“We cannot emphasize enough that the threat of losing the gains we have made is real, especially if we are not able to give the people a viable alternative to the ISIS problem,” Ryan said. “We continue to call on the international community to step up and ensure that conditions that gave rise to ISIS no longer exist in both Syria and Iraq.” (Follow Jim Garamone on Twitter: @GaramoneDoDNews)
14 Aug 18. Mattis Seeks to Deepen Relations with South American Partners. Defense Secretary James N. Mattis said the United States is seeking to deepen relations with hemispheric partners.
The secretary told students at the Brazilian War College in Rio de Janeiro that the United States “will earn your trust daily. We want to be your partner; especially if trouble looms.”
This is Mattis’s first visit to the region as secretary. He told the students that he has deployed many times in his career and he has never been on a battlefield in a solely U.S. formation. The United States seeks allies and looks to increase cooperation among partners.
“Our native languages may be different, but four decades of military service have persuaded me that the profession of arms has a language of its own and a way of turning strangers into family,” Mattis said.
Mattis described his job to the Brazilian officers, saying that he is an advisor to the elected commander in chief. He provides military options to the president, and he provides civilian oversight of the U.S. military.
“Know what my real job is?” he asked the officers. “My real job is to try to keep the peace for one more year, one more month, one more week, one more day while the diplomats try to work out a solution to very difficult problems.”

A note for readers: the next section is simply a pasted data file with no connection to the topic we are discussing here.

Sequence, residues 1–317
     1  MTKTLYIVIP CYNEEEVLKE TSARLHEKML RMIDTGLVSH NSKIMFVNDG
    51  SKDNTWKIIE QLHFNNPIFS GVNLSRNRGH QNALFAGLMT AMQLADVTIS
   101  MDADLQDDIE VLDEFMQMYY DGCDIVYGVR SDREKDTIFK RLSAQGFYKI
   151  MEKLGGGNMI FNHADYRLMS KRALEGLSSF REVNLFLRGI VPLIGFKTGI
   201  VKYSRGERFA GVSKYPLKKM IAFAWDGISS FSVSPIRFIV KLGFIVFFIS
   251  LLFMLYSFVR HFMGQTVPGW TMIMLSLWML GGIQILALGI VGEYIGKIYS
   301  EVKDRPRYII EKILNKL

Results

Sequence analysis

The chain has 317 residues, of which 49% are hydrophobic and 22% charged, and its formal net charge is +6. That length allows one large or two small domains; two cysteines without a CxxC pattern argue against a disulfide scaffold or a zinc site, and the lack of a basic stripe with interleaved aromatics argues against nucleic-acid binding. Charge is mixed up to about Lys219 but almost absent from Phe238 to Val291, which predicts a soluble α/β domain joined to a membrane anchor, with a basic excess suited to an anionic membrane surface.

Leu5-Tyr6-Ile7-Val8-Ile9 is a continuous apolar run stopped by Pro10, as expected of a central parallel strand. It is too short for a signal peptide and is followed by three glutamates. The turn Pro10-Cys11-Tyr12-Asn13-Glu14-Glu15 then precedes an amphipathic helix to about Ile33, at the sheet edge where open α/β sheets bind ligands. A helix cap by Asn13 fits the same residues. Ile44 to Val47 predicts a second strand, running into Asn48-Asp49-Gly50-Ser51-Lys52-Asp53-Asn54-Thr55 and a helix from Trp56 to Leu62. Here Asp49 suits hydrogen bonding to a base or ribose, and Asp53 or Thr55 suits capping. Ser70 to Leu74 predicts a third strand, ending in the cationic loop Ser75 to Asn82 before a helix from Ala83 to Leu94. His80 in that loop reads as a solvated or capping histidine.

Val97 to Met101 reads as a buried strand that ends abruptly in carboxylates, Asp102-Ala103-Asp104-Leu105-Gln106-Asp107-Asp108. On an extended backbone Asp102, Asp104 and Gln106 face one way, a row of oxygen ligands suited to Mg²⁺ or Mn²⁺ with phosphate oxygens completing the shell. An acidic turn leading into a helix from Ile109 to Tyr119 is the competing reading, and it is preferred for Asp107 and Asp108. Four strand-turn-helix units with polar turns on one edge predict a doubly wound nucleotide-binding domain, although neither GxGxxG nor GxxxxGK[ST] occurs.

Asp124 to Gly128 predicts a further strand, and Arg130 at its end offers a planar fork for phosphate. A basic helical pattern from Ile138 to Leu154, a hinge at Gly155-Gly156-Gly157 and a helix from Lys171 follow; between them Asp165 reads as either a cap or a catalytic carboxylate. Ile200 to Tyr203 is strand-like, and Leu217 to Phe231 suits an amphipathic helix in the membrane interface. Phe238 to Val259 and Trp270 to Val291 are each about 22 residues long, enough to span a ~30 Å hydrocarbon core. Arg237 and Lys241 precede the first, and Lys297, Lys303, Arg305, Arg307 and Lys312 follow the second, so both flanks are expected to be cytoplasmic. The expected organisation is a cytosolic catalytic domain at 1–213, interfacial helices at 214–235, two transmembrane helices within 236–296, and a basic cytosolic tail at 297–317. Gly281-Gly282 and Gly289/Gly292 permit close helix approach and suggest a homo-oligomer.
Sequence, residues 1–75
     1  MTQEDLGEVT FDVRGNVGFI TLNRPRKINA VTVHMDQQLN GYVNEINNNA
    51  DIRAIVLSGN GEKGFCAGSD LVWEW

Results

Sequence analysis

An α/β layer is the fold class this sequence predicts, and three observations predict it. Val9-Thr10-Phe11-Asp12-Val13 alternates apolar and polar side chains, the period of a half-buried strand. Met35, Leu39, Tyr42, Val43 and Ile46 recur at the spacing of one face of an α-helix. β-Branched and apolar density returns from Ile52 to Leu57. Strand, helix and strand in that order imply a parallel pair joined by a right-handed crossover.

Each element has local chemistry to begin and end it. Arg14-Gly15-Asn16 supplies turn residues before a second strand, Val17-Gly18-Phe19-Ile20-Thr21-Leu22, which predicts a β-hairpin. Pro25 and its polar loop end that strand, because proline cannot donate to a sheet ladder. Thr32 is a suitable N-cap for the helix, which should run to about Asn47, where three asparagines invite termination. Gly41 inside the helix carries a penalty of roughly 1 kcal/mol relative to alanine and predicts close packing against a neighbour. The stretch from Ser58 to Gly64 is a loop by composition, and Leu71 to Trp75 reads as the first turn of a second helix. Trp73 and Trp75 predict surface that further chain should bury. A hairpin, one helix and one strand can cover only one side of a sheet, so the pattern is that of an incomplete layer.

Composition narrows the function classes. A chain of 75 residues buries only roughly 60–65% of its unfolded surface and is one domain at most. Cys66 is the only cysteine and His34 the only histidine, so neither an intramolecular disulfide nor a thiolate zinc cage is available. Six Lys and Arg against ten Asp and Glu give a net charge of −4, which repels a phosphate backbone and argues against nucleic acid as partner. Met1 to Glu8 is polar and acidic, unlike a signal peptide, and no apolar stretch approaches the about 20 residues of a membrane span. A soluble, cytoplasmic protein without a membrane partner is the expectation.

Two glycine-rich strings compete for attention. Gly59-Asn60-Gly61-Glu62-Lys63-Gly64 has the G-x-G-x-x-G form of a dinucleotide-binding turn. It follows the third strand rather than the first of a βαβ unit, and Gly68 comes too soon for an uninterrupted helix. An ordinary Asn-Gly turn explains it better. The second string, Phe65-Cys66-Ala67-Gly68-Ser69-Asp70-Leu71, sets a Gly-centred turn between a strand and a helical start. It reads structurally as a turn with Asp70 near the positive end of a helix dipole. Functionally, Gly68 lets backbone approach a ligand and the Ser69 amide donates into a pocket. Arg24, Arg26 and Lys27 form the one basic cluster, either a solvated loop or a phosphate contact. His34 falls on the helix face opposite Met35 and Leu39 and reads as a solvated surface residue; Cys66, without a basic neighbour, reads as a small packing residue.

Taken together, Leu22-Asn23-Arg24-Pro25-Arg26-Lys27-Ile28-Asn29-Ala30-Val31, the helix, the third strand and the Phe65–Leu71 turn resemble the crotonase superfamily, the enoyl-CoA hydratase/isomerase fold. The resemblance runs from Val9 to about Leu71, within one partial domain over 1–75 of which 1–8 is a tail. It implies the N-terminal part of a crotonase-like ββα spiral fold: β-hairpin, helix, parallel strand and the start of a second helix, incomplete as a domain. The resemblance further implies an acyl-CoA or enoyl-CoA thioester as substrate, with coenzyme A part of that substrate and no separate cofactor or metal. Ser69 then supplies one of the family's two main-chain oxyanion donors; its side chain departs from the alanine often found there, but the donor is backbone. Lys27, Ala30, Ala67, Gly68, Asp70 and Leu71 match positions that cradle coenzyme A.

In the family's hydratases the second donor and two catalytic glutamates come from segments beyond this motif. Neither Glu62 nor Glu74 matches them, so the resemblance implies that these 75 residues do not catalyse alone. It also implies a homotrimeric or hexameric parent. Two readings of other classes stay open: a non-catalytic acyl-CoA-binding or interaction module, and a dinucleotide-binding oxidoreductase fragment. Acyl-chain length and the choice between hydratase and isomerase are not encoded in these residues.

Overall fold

He also described the lines of effort in the Defense Department. The first is to increase lethality of the U.S. military.
“I want any adversary to know that they are better off to deal with our secretary of state and our diplomats,” he said. “They do not want to deal with me and my soldiers, sailors, airmen and Marines.”
Another line of effort is to strengthen and broaden U.S. relationships with allies. “It’s simple: Nations with allies thrive; nations without allies do not survive,” Mattis said.
The reason for his trip to the region is to encourage partnership. The secretary will go to the Indo-Pacific next month and Europe after that, he said. “This is not something you turn on one day, walk in, make a speech, walk out and then forget about it,” he said. “It must be sustained.”
Trust is the currency for these relationships. “When speaking with senior U.S. officers, I tell them they must learn to build harmony,” Mattis said. “If they cannot build trust across national lines, across military lines, joint service lines, civilian-military lines, if they cannot build trust and harmony of operations, then their leadership … is obsolete and they must go home, for I have no use for them.”
Listening to Allies
Mattis said senior leaders must listen to allied leaders and be prepared to take their advice. “The nation with the most aircraft carriers is not always right,” he said.
Senior U.S. military leaders seek a collaborative and secure hemisphere, “one where we individually and collectively maintain situational awareness in all domains,” he said.
Partners must share information with neighbors because hemispheric priorities must be addressed together, the secretary said.
The United States and Brazil are long-time partners. Brazil fought alongside U.S. service members in World War II and continues to serve alongside them today. Mattis is personally committed to making the U.S.-Brazil military-to-military relationship stronger.
“Together we seek to strengthen our cooperative strategic partnership that is transparent, that is trustworthy and that is steady,” he said. “I see a bright future ahead for Brazil and our hemisphere.” (Follow Jim Garamone on Twitter: @GaramoneDoDNews)